She cited the historic 2010 U.S. Supreme Court ruling which concluded that corporations, like individuals, have a right to participate in political debate, including with their dollars. O’Grady also said other court cases say that corporations cannot be subject to any more stringent disclosure requirements than anyone else.
In this case, she said, if Burns can force her clients to spell out publicly how they spent their money it would discourage them from making future political donations. She told Kiley that is impermissible use of his powers.
And there’s something else.
O’Grady said that Burns, in seeking to figure out how much APS and Pinnacle West allegedly spent through the “dark money” groups to elect Forese and Little, is effectively suggesting that they coordinated their individual election campaigns with these groups, something that is illegal under Arizona law.
“These are explosive allegations striking at the core of the commission’s integrity,” she charged.
Anyway, she said, even if it were true, it is “not for Commissioner Burns to investigate.”
“That responsibility lies with other branches” of government, O’Grady said, including the attorney general and secretary of state.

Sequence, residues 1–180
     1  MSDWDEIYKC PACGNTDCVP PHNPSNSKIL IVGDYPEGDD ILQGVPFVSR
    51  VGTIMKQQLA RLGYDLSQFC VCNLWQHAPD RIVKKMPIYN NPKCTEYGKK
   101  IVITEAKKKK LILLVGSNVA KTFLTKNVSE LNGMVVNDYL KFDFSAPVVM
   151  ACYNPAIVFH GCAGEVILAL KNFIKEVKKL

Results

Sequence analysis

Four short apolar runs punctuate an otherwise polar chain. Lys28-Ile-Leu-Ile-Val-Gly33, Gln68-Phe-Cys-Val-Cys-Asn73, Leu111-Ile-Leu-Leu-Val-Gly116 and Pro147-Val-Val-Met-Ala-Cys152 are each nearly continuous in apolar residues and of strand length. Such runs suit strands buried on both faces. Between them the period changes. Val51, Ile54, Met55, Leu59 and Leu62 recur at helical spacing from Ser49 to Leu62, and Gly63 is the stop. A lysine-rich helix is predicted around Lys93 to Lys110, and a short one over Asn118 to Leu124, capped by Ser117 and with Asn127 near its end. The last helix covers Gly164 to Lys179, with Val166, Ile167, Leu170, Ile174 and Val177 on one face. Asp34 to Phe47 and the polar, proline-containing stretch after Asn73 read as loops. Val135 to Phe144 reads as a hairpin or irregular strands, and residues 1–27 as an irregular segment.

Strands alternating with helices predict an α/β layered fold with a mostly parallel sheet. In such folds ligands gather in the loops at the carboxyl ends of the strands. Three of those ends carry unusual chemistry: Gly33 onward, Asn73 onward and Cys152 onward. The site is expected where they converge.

“Commissioner Burns is neither authorized by law, nor competent, to conduct a law enforcement investigation,” she continued. “He has put forth no credible evidence that any laws have been violated, and if there is any such evidence, he should take it to the state officials who bear responsibility to enforce state law.”
In her new filing, O’Grady seeks to undermine Burns’s interpretation of his powers.
She does not dispute that individual commissioners do have the authority to issue orders and inspect corporate books. But O’Grady contends, in effect, that the other members of the panel can overrule him.
“If a party does not comply with a commissioner’s order, the commission gets to decide what happens next,” she said. That could be finding the company in contempt and imposing penalties — or simply declining to punish the firm.
And O’Grady said it is up to the full commission — and not any one member — to determine whether the information sought is relevant to the case before the panel.
She contends it is not, saying even if APS and Pinnacle West did help elect utility regulators of their choosing, it is irrelevant to the rate hike the commission just approved for the utility. O’Grady said that’s because the four other commissioners who voted just last month to allow APS to collect another $95 million a year from customers said their decision of the company’s financial needs and expenses did not include what it spent for political, charitable, lobbying and advertising purposes.
APS did put more than $4 million openly into the 2016 campaign to defeat Democrat contenders Bill Mundel and Tom Chabin, money that helped elect Republicans Andy Tobin, Boyd Dunn and Burns himself. Burns, however, said he was a beneficiary only because the utility feared the Democrats more than they did him.